The line between artistic experimentation and amorphous indulgence is very fine, often more a matter of inclination and sympathy than a reflection of any obvious achievement. You have to take on faith that your confusion and disorientation result from deliberate, exploratory purpose, that the artist’s goals deserve a serious effort to understand and that the blurred work in front of you results from feelings or ideas beyond the capacity of traditional methods to express. When the results are as uneven and problematic as Alain Robbe-Grillet’s Eden and After, it is even more difficult than usual to make the distinction.
Eden, a student café hangout, is a kind of chrome and glass, pop expression of De Stijl abstraction. The main character, Violette (Catherine Jourdan) speaks of the students “playing” this or that part, but it is not clear if they are literally actors, or if she is making sardonic comments about their behavior. In any event, the café scenes are so fragmented, alienating and pretentious that it takes real dedication to sit through them. The students’ games have an irritating similarity to the worst of Godard’s “Marx and Coca-Cola generation” antics. Even Robbe-Grillet followers will probably look upon the tedium in the beginning of Eden and After as something to be endured in order to enjoy the problematic, but sensually gratifying remainder.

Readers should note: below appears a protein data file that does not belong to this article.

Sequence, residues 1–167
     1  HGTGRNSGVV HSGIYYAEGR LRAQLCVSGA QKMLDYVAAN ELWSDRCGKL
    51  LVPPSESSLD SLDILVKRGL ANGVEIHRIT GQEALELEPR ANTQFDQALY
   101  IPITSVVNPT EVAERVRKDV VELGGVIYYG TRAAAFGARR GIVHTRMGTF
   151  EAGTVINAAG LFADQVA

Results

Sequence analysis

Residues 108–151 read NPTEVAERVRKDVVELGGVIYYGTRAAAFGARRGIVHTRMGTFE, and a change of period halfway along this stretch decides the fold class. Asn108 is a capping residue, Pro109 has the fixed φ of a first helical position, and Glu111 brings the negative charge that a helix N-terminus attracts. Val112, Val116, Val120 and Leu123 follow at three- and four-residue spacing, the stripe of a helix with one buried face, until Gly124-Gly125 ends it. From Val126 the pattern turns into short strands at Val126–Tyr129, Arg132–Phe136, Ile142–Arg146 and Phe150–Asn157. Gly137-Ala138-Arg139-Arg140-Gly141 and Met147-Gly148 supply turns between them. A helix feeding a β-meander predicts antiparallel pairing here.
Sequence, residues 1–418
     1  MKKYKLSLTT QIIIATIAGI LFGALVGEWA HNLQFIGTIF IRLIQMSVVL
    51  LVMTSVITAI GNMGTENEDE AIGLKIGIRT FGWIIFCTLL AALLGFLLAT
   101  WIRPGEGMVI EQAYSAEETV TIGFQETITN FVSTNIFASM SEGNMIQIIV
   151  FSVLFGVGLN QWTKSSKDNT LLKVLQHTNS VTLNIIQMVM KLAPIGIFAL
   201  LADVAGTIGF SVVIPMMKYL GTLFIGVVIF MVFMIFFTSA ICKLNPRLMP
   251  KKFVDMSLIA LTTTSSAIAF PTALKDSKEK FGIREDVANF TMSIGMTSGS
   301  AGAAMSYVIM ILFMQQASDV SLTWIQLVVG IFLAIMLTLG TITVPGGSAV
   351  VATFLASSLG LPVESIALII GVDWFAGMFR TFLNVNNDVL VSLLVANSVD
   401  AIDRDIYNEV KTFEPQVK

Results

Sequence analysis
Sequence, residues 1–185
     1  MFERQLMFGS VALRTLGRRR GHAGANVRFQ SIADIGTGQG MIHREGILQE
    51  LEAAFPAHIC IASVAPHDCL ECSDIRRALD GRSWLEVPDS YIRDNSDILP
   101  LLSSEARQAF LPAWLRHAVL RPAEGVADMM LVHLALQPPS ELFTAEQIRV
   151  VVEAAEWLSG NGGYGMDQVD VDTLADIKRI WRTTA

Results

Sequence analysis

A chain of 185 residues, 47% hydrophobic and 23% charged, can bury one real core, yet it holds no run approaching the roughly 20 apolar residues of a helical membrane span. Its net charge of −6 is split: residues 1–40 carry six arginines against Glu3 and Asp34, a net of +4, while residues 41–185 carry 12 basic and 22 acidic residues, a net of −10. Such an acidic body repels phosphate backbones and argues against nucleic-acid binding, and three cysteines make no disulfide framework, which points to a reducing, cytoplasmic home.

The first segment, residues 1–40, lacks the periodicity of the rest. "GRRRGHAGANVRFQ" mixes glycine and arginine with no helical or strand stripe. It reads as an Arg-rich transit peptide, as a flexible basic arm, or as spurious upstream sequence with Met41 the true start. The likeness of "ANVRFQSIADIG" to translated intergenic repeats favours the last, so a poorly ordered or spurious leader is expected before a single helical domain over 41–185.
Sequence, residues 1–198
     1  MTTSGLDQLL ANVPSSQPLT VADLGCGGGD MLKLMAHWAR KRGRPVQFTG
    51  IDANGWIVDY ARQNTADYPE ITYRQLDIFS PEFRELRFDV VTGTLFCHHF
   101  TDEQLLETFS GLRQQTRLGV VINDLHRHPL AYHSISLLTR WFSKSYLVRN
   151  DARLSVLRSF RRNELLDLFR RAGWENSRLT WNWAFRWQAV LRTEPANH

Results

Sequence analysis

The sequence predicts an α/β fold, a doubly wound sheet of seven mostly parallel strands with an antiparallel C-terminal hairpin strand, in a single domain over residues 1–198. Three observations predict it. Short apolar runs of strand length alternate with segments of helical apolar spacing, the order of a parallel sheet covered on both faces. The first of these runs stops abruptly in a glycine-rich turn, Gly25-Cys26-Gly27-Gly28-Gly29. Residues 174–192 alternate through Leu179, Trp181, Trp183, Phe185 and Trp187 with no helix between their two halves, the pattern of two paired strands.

The “After” of the title refers largely to Tunisia, pre-figured when Violette tries a “fear powder” while still in Eden, inducing visions of what will follow. (Typically, the visions prove more suggestive than accurate.) Once the location changes, Eden picks up, mainly because Robbe-Grillet and cinematographer Igor Luther use the desert sun and bleached stucco architecture to produce eye-popping splashes of color and texture. Even the Tunisian scenes are a touch off-putting, however, since the film’s exploitation of exotic locales inevitably raises the question of whether the results warrant yet another equation of sun, sand and Arabs with sex, violence and corruption. (One wonders what the Tunisians in the film thought of the goings on.)
My ambivalence may result from Robbe-Grillet’s own. The Kino-Lorber Blu-ray includes a different cut of the footage, entitled N. Took the Dice, created for French television. The rather singular phenomenon of a director completely re-cutting an existing work results in something equally indecipherable, save for a concise statement of Robbe-Grillet’s theory that narrative is created by the viewer. (It’s essentially the same point he made in his essays about the reader of written fiction in For a New Novel.) The recut changes the point of view of the story, alters much of the dialogue and largely eliminates the admittedly somewhat arbitrary plot thread that holds Eden together. Unfortunately, instead of cohering more effectively, the results are even more difficult to follow and endure. Even if the outcome had been lucidity itself, however, the fact that Robbe-Grillet recut the film at all suggests he too was not entirely happy or secure with Eden and After.